Even in situations where shoplifters are caught, some retailers simply retrieve the merchandise and send the thieves on their way. “Offending the customer is a chief concern and there are a number of retailers, because of that and legal liabilities, that have a policy of not prosecuting shoplifters,” says Jonathan Lusher, senior vice president for consulting and inspectional services for IPC International Corp., a Bannockburn, Ill.-based shopping center security firm. “They don't want to take a chance of wrongfully accusing customers of wrongdoing.”

Prevention vs. apprehension

Good hiring, training and supervision of both store detectives and sales associates, say security experts, can go a long way in preventing theft and eliminating liability cases, false arrests, and peeved customers. Hiring minimum wage employees and providing zero training might offer short-term savings, but, as DiMaria points out, “you make one mistake and your liability insurance goes up.” Moreover, a retailer can face terrible publicity, feel forced to write a check to settle an incident quietly, or become embroiled in a lawsuit — all costly resolutions. “Win, lose or draw, you're going to be paying a lot of attorney fees if you go into litigation,” notes DiMaria.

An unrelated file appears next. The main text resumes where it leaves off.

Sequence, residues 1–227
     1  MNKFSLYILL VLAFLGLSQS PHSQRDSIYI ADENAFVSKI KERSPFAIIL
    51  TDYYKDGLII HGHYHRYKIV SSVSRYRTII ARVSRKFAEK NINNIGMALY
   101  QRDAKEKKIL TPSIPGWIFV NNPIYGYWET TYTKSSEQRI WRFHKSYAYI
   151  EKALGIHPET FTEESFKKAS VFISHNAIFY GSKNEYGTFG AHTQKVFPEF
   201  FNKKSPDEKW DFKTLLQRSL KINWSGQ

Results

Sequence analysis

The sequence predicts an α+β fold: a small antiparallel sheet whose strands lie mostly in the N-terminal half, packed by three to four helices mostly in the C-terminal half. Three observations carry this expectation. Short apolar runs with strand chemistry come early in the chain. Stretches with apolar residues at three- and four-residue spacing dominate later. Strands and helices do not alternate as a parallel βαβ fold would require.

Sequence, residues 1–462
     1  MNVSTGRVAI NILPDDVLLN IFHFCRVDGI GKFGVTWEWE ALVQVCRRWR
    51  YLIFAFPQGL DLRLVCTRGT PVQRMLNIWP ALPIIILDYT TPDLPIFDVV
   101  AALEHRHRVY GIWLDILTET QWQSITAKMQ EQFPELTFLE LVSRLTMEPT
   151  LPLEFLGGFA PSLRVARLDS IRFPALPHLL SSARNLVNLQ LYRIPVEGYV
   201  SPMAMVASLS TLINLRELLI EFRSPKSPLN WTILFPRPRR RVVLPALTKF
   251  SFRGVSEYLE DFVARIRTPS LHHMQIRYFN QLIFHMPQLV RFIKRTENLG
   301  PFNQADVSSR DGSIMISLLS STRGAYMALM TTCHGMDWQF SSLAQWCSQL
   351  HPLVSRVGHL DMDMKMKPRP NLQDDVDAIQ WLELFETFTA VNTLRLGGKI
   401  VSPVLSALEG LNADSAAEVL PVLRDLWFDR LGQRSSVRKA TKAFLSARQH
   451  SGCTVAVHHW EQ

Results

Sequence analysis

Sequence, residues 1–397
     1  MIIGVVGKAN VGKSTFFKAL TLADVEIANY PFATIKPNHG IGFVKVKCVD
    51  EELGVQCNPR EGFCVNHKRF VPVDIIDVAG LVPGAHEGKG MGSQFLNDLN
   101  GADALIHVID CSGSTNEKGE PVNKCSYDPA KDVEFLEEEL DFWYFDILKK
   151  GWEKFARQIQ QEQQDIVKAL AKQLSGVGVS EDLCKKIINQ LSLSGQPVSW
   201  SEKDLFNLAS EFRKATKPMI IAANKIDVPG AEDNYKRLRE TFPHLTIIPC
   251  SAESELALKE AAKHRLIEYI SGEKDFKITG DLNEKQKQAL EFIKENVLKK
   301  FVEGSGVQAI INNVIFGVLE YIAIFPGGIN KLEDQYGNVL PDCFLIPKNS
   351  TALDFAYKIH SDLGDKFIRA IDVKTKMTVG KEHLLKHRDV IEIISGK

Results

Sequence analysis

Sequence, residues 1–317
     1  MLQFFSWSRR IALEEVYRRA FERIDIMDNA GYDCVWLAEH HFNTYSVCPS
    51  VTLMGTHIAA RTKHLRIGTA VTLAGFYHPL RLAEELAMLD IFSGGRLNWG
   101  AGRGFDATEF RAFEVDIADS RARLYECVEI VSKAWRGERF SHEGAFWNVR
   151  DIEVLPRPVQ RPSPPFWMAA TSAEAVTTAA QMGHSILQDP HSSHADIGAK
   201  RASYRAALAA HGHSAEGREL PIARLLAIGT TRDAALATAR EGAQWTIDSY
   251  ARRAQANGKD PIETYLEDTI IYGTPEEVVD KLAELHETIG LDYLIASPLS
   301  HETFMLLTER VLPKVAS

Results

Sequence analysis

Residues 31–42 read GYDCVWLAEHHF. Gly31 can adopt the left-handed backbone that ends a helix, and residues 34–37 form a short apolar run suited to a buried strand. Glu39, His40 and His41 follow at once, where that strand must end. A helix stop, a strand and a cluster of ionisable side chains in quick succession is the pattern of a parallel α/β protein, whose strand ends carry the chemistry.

Store detectives should be educated how legitimate shoppers behave and what constitutes theft. (According to one old security adage, ‘If you didn't see it, it didn't happen.’) They should know the proper techniques for identifying and apprehending suspects (see sidebar), and they must be able to quickly recognize unacceptable behavior.

In addition, even after training, security teams need ongoing supervision to ensure that store policy and procedures are being followed and that personnel aren't engaged in improper behavior. One way to do this involves monitoring staffers' reports and, if video surveillance is being used, reviewing tapes to be sure security personnel aren't focusing on particular racial or ethnic groups.

Sales associates, too, play a security role. They should be trained to acknowledge and greet everyone entering a department. The bad guys then know they've been noticed and can possibly be identified and likely will leave. And it's not a bad idea for an undercover store detective to deliberately blow his cover by approaching a suspicious person and saying, “Hi. I'm with security. Even though this isn't my department, maybe I can help you pick an item.”